December 18, 2014


WASHINGTON – Senate Banking Committee Chairman Tim Johnson (D-SD) sent letters on Wednesday to U.S. Department of Education Secretary Arne Duncan, U.S. Department of the Treasury Secretary Jack Lew, and Consumer Financial Protection Bureau (CFPB) Director Richard Cordray calling for coordinated action between the agencies to address issues in the student loan market, including student loan servicing and debt collection.
“While college still represents one of the surest paths to the middle class, rising student loan debt makes it increasingly difficult for graduates to buy a house, start a business, or save for retirement,” Johnson said. “In my home state of South Dakota, one of the states with the highest proportion of students graduating with debt, nearly three-fourths of graduates finish school with over $25,000 in debt.”
In his letters, Chairman Johnson urges the agencies to undertake a “serious study of the market for refinancing student loans and develop a plan to enable borrowers to take advantage of the current low interest rate environment.” Johnson also calls for additional reforms to the student loan market, including “requiring more transparent disclosures to students before taking on student loan debt, mandatory certification for private student loans, release of co-signers upon the death or disability of a borrower, and improved credit reporting for education loans.”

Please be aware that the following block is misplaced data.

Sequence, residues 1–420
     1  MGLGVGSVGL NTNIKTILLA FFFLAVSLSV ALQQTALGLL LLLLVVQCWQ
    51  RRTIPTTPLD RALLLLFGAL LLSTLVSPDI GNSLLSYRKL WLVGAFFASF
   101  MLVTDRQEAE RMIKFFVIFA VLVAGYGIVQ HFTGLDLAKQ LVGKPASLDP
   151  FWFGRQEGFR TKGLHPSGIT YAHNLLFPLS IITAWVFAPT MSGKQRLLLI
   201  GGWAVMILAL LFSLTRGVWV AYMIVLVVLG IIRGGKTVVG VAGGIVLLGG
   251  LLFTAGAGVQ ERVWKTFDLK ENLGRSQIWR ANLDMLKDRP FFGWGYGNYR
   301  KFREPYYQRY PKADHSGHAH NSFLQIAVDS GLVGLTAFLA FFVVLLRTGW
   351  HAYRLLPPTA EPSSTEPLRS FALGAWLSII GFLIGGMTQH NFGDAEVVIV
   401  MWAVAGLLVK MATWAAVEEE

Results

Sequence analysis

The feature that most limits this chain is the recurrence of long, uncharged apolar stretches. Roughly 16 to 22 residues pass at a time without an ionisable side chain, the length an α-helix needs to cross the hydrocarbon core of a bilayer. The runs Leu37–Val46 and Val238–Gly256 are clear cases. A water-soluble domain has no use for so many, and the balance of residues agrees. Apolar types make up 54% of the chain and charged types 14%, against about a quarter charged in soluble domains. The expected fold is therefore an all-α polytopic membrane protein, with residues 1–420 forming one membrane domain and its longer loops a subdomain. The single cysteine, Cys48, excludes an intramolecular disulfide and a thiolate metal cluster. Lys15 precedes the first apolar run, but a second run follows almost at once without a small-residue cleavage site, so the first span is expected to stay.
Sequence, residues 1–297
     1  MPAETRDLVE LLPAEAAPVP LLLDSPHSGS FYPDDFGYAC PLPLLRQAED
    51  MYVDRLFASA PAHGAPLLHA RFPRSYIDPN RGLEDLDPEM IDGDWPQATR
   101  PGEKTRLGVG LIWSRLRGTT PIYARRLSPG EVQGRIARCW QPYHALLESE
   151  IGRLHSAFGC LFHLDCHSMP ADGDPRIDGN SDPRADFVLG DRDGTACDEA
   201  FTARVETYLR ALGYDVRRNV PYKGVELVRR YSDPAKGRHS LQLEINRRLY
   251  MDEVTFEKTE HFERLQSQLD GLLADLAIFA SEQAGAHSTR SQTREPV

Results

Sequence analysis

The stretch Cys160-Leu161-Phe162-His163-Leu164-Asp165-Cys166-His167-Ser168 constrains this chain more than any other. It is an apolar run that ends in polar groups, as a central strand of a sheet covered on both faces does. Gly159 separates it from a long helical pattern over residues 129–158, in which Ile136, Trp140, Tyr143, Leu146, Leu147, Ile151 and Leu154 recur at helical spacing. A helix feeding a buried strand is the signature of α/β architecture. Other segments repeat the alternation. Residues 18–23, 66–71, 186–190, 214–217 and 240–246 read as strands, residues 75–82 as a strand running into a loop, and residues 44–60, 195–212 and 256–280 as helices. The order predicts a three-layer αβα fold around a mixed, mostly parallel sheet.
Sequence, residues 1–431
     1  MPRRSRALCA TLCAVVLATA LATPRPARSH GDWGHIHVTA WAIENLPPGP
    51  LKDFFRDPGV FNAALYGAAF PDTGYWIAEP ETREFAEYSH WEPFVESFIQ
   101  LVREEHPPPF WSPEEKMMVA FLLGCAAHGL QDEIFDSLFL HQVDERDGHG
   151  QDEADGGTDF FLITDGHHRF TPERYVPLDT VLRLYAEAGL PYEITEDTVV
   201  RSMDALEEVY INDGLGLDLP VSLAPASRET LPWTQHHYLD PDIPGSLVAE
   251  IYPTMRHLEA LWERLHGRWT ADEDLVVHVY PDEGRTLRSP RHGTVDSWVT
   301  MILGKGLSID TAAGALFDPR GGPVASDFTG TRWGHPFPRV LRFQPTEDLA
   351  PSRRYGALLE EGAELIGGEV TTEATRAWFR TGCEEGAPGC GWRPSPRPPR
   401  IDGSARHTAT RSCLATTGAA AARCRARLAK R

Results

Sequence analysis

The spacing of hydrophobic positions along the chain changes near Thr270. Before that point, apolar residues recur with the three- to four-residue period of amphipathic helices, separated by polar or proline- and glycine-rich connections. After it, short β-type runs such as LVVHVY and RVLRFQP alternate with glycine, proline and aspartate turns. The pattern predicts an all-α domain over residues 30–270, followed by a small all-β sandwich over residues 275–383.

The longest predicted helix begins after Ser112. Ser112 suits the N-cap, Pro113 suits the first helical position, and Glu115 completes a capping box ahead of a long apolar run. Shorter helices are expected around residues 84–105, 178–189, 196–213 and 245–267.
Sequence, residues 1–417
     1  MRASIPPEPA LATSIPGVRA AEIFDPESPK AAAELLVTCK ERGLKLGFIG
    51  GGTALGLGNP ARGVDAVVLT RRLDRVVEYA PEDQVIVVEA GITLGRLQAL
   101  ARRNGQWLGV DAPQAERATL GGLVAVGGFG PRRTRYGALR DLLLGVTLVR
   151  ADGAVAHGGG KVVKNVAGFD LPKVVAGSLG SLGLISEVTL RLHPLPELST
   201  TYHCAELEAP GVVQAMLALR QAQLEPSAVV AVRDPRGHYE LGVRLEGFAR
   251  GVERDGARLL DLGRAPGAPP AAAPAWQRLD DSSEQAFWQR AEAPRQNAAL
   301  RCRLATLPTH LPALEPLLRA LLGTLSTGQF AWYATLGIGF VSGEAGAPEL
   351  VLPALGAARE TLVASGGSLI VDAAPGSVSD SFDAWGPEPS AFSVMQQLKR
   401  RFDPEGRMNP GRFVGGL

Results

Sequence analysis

“Clearly more needs to be done to create enforceable consequences for servicers that do not comply with their responsibilities,” Johnson continued. “Servicers are expected to treat borrowers fairly and transparently, which includes ensuring loan information is correct, fees are accurately assessed, and borrowers are given all relevant information about their loans.”
As Chairman of the Senate Banking Committee, which has jurisdiction over financial institutions in the student loan market, Johnson has held several hearings on ways to address existing and future student financial products.
Click here to view a copy of the letter to the Department of Education, here to view a copy of the letter to the Treasury Department, and here to view a copy of the letter to the CFPB.